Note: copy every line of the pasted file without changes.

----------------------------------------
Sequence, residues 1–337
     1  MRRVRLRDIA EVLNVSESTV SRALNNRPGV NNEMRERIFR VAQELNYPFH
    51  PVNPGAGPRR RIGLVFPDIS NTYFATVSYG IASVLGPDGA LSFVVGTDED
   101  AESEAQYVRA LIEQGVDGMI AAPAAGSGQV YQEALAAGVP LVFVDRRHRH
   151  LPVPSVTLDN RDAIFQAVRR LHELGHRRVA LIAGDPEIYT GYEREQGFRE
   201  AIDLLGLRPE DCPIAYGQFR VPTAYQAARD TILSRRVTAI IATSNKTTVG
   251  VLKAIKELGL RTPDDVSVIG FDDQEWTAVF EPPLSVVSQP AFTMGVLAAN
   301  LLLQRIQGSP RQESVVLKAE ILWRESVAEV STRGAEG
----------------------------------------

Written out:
Sequence, residues 1–337
     1  MRRVRLRDIA EVLNVSESTV SRALNNRPGV NNEMRERIFR VAQELNYPFH
    51  PVNPGAGPRR RIGLVFPDIS NTYFATVSYG IASVLGPDGA LSFVVGTDED
   101  AESEAQYVRA LIEQGVDGMI AAPAAGSGQV YQEALAAGVP LVFVDRRHRH
   151  LPVPSVTLDN RDAIFQAVRR LHELGHRRVA LIAGDPEIYT GYEREQGFRE
   201  AIDLLGLRPE DCPIAYGQFR VPTAYQAARD TILSRRVTAI IATSNKTTVG
   251  VLKAIKELGL RTPDDVSVIG FDDQEWTAVF EPPLSVVSQP AFTMGVLAAN
   301  LLLQRIQGSP RQESVVLKAE ILWRESVAEV STRGAEG